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Caller Number Five and related timing games

  • Park, Andreas

    ()

    (Department of Economics, University of Toronto)

  • Smith, Lones

    ()

    (Department of Economics, University of Michigan)

There are two varieties of timing games in economics: wars of attrition, in which having more predecessors helps, and pre-emption games, in which having more predecessors hurts. This paper introduces and explores a spanning class with rank-order payoffs that subsumes both varieties as special cases. We assume time is continuous, actions are unobserved, and information is complete, and explore how equilibria of the games, in which there is shifting between phases of slow and explosive (positive probability) stopping, capture many economic and social timing phenomena. Inspired by auction theory, we first show how each symmetric Nash equilibrium is equivalent to a different "potential function.'' By using this function, we straightforwardly obtain existence and characterization results. Descartes' Rule of Signs bounds the number of phase transitions. We describe how adjacent timing game phases interact: war of attrition phases are not played out as long as they would be in isolation, but instead are cut short by pre-emptive atoms. We bound the number of equilibria, and compute the payoff and duration of each equilibrium.

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Article provided by Econometric Society in its journal Theoretical Economics.

Volume (Year): 3 (2008)
Issue (Month): 2 (June)
Pages:

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Handle: RePEc:the:publsh:375
Contact details of provider: Web page: http://econtheory.org

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  1. Levin, Dan & Peck, James, 2003. " To Grab for the Market or to Bide One's Time: A Dynamic Model of Entry," RAND Journal of Economics, The RAND Corporation, vol. 34(3), pages 536-56, Autumn.
  2. Markus K Brunnermeier, 2002. "Bubbles and Crashes," FMG Discussion Papers dp401, Financial Markets Group.
  3. Andrew McLennan, 2005. "The Expected Number of Nash Equilibria of a Normal Form Game," Econometrica, Econometric Society, vol. 73(1), pages 141-174, 01.
  4. Shinkai, Tetsuya, 2000. "Second Mover Disadvantages in a Three-Player Stackelberg Game with Private Information," Journal of Economic Theory, Elsevier, vol. 90(2), pages 293-304, February.
  5. Jeremy I. Bulow & Paul Klemperer, 1996. "The Generalized War of Attrition," Cowles Foundation Discussion Papers 1142, Cowles Foundation for Research in Economics, Yale University.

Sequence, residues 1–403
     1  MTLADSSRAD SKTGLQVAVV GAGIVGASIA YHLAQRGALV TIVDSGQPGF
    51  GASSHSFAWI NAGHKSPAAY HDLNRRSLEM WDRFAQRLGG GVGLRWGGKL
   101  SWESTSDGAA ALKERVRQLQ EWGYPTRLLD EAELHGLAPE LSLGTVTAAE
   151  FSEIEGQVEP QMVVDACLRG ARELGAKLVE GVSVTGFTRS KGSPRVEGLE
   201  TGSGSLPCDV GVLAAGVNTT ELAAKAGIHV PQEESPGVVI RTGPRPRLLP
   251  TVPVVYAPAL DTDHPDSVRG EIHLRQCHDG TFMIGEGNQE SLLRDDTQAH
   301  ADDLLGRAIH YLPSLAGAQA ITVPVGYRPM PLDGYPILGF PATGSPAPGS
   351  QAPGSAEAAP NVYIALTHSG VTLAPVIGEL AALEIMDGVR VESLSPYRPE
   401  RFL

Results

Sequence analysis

6. Bouis, Romain & Huisman, Kuno & Kort, Peter M., 2009. "Investment in oligopoly under uncertainty: The accordion effect," Economics Papers from University Paris Dauphine 123456789/12655, Paris Dauphine University.
  7. repec:dgr:kubcen:200669 is not listed on IDEAS
  8. Dilip Abreu & David G. Pearce, 2006. "Reputational Wars of Attrition with Complex Bargaining Postures," Levine's Working Paper Archive 122247000000001218, David K. Levine.
  9. Rida Laraki & Eilon Solan & Nicolas Vieille, 2003. "Continuous-time Games of Timing," Discussion Papers 1363, Northwestern University, Center for Mathematical Studies in Economics and Management Science.
  10. Baye, M. & Kovenock, D. & de Vries, C., 1990. "The All-Pay Auction with Complete Information," Discussion Paper 1990-51, Tilburg University, Center for Economic Research.
  11. Sahuguet, Nicolas, 2006. "Volunteering for heterogeneous tasks," Games and Economic Behavior, Elsevier, vol. 56(2), pages 333-349, August.
  12. Hart, Sergiu & Mas-Colell, Andreu, 1989. "Potential, Value, and Consistency," Econometrica, Econometric Society, vol. 57(3), pages 589-614, May.
  13. Monderer, Dov & Shapley, Lloyd S., 1996. "Potential Games," Games and Economic Behavior, Elsevier, vol. 14(1), pages 124-143, May.
  14. Hendricks, Kenneth & Weiss, Andrew & Wilson, Charles, 1987. "The War of Attrition in Continuous Time with Complete Information," Working Papers 87-03, C.V. Starr Center for Applied Economics, New York University.
  15. Michael Ostrovsky & Michael Schwarz, 2006. "Synchronization under uncertainty," International Journal of Economic Theory, The International Society for Economic Theory, vol. 2(1), pages 1-16.
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